Regional Gardening Reports :: National Gardening Association

In the Garden:
Lower South
January, 2011
Regional Report

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These petunias are thriving in their homemade paper pots. Note the roots coming out of the sides of the pots.

Garden Recycling: Homemade Plant Pots

I'm not sure if it is because I like to putter around in the garden and greenhouse, or my environmental sensitivities, or maybe I'm just, well, let's say "thrifty". Whatever the reason I like to recycle things in the garden. But it is not just a cost related issue. When I can make or repurpose something rather than purchase it, there is a sense of self reliance and that same gratification that comes with growing things yourself. I could give a hundred examples of this but to get you thinking, here is a great idea to help you recycle and "make your own" when it comes to gardening supplies -- the homemade paper pot.

Paper pots are easy to make. Take a single sheet of newspaper and tear it down the middle fold to create two pieces about 11" X 22". Fold one in half lengthwise. Then take a soup can or some other cylindrical object about that size and roll the newspaper onto it leaving about 2 1/2" sticking out past the bottom of the can. Fold this over to form the bottom of the paper pot and then pull the can out of the paper cylinder. It helps to not wrap the paper too tightly around the can. Fill the pot with potting soil and you have a great planting container.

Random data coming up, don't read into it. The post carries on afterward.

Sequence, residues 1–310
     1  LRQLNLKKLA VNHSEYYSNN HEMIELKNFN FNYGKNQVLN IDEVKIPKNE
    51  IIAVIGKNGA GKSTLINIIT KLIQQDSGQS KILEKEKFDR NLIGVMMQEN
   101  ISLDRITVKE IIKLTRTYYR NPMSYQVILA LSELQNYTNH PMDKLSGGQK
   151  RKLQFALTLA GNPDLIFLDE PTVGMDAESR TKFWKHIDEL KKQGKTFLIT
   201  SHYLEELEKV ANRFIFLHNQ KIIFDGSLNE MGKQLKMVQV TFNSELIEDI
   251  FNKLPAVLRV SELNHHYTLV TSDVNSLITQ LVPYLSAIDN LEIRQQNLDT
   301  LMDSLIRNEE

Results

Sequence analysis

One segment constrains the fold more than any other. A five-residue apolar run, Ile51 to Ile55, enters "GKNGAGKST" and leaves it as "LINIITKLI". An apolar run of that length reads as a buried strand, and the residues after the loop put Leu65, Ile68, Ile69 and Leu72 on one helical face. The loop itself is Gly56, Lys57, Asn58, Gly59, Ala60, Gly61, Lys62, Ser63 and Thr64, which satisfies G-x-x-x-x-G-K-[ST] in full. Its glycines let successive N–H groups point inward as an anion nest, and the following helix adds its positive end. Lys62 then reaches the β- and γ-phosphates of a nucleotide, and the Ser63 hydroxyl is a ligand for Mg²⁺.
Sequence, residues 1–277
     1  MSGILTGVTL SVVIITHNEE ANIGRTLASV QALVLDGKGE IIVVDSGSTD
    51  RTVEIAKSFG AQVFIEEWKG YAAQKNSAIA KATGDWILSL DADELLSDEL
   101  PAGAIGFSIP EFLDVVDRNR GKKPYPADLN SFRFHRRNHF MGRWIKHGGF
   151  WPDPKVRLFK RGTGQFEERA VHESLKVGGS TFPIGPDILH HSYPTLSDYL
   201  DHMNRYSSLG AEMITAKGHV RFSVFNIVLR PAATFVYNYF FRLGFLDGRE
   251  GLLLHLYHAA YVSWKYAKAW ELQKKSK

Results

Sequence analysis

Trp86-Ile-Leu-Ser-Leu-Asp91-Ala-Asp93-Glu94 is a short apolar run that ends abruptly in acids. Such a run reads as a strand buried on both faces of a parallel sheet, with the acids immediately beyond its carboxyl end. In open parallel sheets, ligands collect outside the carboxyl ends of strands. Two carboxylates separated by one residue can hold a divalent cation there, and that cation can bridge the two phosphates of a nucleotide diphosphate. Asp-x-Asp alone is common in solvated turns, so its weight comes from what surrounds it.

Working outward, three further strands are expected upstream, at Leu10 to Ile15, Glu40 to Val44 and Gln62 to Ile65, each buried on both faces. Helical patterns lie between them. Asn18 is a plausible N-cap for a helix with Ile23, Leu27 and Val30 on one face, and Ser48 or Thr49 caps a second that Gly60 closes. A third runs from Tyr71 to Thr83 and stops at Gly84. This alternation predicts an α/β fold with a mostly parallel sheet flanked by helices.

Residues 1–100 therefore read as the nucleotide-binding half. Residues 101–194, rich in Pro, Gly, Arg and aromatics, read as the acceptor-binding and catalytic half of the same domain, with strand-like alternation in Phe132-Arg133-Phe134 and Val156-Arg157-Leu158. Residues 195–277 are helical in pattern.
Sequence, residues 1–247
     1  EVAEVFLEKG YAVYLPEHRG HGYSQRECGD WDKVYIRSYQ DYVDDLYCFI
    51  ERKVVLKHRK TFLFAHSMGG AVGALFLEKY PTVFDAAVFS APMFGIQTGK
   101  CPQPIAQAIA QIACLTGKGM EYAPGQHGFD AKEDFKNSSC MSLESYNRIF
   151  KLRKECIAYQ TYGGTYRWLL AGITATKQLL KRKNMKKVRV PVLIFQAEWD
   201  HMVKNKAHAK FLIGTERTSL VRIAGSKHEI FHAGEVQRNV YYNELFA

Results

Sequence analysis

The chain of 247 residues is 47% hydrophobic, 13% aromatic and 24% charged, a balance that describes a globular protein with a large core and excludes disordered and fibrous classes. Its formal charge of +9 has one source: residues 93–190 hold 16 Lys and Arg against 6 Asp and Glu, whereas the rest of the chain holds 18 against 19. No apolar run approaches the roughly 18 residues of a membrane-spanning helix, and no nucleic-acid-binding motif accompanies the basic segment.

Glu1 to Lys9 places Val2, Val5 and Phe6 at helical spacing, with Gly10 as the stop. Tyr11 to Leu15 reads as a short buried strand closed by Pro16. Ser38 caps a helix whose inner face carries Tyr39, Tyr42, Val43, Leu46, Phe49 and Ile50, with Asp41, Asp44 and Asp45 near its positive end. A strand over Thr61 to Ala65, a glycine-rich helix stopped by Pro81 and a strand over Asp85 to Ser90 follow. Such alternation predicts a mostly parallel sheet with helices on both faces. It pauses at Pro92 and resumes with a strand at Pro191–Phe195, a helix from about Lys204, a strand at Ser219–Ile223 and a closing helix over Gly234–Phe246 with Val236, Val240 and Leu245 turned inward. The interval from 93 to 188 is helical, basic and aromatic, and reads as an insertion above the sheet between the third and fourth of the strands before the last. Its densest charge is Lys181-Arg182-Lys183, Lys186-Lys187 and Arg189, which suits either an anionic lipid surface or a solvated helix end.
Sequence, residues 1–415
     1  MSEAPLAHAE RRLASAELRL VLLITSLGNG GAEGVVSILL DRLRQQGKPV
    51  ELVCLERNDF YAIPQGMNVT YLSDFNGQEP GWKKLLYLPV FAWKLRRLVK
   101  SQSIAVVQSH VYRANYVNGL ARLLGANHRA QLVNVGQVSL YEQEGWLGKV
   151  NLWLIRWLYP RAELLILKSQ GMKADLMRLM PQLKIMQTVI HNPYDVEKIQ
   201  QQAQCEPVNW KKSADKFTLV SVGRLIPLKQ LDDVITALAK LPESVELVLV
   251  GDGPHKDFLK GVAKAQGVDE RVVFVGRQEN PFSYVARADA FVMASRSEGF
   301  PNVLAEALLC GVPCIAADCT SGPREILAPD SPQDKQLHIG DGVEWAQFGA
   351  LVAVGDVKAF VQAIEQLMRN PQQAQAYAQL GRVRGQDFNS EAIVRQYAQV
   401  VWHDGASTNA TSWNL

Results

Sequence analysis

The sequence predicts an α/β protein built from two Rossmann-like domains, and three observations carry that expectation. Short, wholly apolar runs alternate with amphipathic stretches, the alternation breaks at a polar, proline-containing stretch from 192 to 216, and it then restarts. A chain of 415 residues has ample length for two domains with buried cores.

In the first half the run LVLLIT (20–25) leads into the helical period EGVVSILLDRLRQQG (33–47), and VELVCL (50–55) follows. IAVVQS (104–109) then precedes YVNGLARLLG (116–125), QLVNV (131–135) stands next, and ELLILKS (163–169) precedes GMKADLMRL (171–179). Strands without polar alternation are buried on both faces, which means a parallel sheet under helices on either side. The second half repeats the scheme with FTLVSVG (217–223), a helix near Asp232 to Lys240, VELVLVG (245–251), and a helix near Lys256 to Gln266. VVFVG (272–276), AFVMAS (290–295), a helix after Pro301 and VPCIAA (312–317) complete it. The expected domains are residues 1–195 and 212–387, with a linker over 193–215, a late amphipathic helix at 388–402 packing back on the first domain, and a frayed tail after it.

I make almost all our planting pots this way. Experiment with different sizes of pots: tall, short, wide, narrow. If you make them with a standard small soup can you can fit about 21 pots in a standard plastic flat. These are great for transplanting very young seedlings or newly rooted plants into. The paper holds up fine for the length of time the plant will be growing to planting size. There are often roots sticking out the sides of the paper by this time if you keep the growing mix moist.

This year I made smaller ones about the size of pill bottles or the old plastic film canisters. These have worked great for starting a LOT of small seeded plants without using too much potting mix in the process. Small vitamin bottles work well too.

Once the plants are up and growing well you can either plant the entire paper pot into a larger pot to continue growing the plant up to a larger size, or you can plant it directly into the garden. The paper decomposes quite rapidly, adding its organic matter to the soil.

The pot making can be rather tedious if you are making a lot of them. I make several hundred each winter/spring season, so I like to do it while watching TV or listening to a lecture or book on tape. The kids actually like helping with this project!

At first the pots may not want to sit straight, but when you add potting mix and then wet it they settle in quite well. Maybe beauty is in the eyes of the beholder, but I think they look rather cool.

I've used both regular newspaper and the slick advertising supplements to make pots, and both black and colored ink sections with no problems. The only caution I might add is that if the paper has a political advertisement you might find the plant roots are burned from the excessive nitrogen!

Try these ways to recycle in your garden this year. What are some other ways you recycle in the garden? Stop by my blog and share your favorite ideas!

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